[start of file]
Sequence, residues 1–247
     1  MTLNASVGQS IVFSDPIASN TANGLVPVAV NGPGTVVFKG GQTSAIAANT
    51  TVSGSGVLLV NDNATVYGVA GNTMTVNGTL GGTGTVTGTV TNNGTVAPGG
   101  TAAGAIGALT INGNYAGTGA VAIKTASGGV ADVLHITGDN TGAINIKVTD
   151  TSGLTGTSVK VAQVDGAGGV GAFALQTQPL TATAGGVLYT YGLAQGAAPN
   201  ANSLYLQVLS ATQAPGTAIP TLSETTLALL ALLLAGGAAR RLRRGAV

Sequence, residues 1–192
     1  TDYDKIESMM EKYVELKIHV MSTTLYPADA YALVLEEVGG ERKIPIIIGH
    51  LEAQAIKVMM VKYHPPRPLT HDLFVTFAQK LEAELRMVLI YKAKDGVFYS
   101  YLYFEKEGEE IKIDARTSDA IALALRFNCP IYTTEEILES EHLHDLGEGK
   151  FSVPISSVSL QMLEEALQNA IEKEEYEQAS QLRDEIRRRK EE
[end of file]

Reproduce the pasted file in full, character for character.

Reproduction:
Sequence, residues 1–247
     1  MTLNASVGQS IVFSDPIASN TANGLVPVAV NGPGTVVFKG GQTSAIAANT
    51  TVSGSGVLLV NDNATVYGVA GNTMTVNGTL GGTGTVTGTV TNNGTVAPGG
   101  TAAGAIGALT INGNYAGTGA VAIKTASGGV ADVLHITGDN TGAINIKVTD
   151  TSGLTGTSVK VAQVDGAGGV GAFALQTQPL TATAGGVLYT YGLAQGAAPN
   201  ANSLYLQVLS ATQAPGTAIP TLSETTLALL ALLLAGGAAR RLRRGAV

Sequence, residues 1–192
     1  TDYDKIESMM EKYVELKIHV MSTTLYPADA YALVLEEVGG ERKIPIIIGH
    51  LEAQAIKVMM VKYHPPRPLT HDLFVTFAQK LEAELRMVLI YKAKDGVFYS
   101  YLYFEKEGEE IKIDARTSDA IALALRFNCP IYTTEEILES EHLHDLGEGK
   151  FSVPISSVSL QMLEEALQNA IEKEEYEQAS QLRDEIRRRK EE